Theo had another fun week at camp—their big outing was an A’s baseball game (against the Brewers), which he enjoyed. And they also went crawdad fishing again (and someone caught one this time!), went swimming a few days, did a lot of crafts and outdoor games, etc. He is really enjoying it, and he says he’s made a lot of friends. There is one girl he does not like, but it’s been a good learning experience for him. He has mentioned her behavior a few times, and most recently she apparently whacked him in the stomach with a baseball bat because she didn’t like his lanyard. (Man, camp is BRUTAL!!) This isn’t as bad as it sounds—they are foam-covered bats, and he didn’t seem in the least bit hurt, so I think it was more of a nudge than a full-on smack. He was more ticked off than anything, and I didn’t blame him. He said the counselors took the bat away from her and that she’s been talked to before by the camp director, so I knew they had it handled. But based on what Theo has told me, I had a feeling this might be a case of a kid acting out because of issues at home or perhaps behavioral problems. So we had a good talk about how he ought to stay away from her if he doesn’t care for her, but that he should remember that sometimes people behave badly if there’s something in their life that upsets them, and he shouldn’t take it personally. And sure enough, a few days later I saw the little girl with her mother, and her mother was yelling at her something fierce—I felt sorry for the girl. I’m not thrilled that she hit my kid with a bat, but I see I was right that there may be reasons for her behavior that have nothing at all to do with Theo and his lanyard.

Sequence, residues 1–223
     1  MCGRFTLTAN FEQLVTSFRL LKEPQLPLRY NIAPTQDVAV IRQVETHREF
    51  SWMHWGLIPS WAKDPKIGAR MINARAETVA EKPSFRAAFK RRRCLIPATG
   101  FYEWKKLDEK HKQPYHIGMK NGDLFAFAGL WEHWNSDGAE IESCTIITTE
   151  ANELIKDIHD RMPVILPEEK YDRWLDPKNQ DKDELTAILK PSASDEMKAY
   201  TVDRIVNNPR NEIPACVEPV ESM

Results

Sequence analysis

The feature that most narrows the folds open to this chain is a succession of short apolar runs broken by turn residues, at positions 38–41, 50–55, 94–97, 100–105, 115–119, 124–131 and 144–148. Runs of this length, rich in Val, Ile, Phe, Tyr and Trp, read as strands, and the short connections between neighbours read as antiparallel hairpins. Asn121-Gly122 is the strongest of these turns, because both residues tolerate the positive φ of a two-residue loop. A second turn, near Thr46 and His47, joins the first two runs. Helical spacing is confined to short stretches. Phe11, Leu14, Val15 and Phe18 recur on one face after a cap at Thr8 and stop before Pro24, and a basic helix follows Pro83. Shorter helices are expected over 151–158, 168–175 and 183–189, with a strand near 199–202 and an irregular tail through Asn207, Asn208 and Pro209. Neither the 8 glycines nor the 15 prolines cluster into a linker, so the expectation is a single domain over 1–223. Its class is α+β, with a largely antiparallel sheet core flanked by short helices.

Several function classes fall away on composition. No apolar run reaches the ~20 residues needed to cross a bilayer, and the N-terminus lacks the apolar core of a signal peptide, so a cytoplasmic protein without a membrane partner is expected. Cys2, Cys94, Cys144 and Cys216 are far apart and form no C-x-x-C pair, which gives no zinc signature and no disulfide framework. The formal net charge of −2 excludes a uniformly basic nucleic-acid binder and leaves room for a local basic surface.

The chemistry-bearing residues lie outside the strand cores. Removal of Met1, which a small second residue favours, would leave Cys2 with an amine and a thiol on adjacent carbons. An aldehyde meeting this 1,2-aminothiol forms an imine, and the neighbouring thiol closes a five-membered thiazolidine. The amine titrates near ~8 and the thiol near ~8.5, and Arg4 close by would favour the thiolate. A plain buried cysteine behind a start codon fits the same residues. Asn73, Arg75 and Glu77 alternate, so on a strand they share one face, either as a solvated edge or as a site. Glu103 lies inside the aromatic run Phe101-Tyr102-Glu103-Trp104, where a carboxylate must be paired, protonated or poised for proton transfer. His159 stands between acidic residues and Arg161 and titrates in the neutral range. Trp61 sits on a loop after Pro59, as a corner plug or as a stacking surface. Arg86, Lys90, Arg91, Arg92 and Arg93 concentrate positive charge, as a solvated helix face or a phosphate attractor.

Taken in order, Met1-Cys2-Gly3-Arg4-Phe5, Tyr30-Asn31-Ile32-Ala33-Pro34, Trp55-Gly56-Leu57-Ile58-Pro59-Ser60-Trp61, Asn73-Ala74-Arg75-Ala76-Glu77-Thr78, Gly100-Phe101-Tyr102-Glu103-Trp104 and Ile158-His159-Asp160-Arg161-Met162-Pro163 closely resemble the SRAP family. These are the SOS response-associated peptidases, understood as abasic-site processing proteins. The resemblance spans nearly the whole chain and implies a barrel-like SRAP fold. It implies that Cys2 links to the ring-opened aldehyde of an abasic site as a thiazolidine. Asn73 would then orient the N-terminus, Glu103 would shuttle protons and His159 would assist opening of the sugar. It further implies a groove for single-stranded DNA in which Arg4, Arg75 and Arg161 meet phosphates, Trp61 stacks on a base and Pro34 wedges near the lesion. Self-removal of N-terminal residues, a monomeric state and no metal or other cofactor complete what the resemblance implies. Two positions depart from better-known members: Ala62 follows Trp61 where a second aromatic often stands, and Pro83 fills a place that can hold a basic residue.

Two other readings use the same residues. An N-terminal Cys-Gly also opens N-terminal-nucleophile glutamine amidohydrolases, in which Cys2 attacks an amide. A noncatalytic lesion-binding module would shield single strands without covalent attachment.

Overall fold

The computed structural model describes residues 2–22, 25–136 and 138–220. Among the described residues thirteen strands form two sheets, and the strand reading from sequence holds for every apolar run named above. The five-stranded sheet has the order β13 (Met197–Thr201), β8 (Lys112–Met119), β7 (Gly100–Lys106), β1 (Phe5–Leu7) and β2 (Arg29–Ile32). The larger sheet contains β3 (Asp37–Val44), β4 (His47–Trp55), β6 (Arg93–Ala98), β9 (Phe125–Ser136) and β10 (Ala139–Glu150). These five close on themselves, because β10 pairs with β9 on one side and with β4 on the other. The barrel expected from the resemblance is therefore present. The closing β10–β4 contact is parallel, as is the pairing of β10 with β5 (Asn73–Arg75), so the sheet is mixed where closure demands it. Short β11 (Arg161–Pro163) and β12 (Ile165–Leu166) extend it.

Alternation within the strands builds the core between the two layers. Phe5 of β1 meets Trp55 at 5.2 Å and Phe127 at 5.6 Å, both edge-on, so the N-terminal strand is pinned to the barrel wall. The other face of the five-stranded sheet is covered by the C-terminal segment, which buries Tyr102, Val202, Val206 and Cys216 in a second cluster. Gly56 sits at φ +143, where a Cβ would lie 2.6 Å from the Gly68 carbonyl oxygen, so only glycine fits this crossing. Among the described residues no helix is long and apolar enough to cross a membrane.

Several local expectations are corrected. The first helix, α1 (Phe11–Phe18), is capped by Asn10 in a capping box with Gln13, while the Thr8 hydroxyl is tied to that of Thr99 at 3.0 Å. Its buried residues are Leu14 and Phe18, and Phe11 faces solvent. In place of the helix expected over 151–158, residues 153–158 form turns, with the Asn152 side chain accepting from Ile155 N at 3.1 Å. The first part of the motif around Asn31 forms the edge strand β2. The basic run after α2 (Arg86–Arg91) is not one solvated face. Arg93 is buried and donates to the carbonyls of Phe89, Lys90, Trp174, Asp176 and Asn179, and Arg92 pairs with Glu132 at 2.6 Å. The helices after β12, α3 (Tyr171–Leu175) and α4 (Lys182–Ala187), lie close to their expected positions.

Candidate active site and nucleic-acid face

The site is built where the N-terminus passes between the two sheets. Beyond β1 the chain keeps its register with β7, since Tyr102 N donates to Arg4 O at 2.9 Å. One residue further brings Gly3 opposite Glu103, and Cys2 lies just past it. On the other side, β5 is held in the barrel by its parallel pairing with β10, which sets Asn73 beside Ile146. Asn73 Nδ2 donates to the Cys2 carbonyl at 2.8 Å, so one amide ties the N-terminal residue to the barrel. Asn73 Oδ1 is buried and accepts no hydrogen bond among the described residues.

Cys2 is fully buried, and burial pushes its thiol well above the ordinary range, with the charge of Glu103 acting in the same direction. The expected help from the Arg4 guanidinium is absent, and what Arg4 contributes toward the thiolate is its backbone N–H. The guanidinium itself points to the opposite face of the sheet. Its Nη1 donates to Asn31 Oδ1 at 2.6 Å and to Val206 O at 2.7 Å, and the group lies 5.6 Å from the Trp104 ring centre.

And Sam had his first week at his Communication Readiness Program (CRP). He is doing fantastic, and I’m so pleased that we got him into the program! The only negative to it is the amount of gas I’m burning up driving him to/from the program—ouch! Our gas bill is exponentially higher now! But come late August, I won’t be driving hardly at all since I can walk both boys to school, so this too shall pass. But the program itself is fabulous! Sam is excited to go every day and loves the teacher and aides. And his talking is already showing progress—I don’t know if it’s coincidence this soon or if the program is already working, but on Friday (after four days of the program), he walked up to Chris and said, “Hi, Dad,” clear as day! He has said “hi” and “Dad” for a long time, but he hasn’t really put them together before. And then a few minutes later, he pointed to the cat, who was playing in a towel, and said, “Eat towel!” She actually wasn’t eating it (just nosing around in it), but this is significant for two reasons: (1) he used a two-syllable word, which he rarely does, and it was a brand-new word for him!; and (2) he put together a two-word phrase with a verb, which he has rarely ever done! Exciting times for us!!!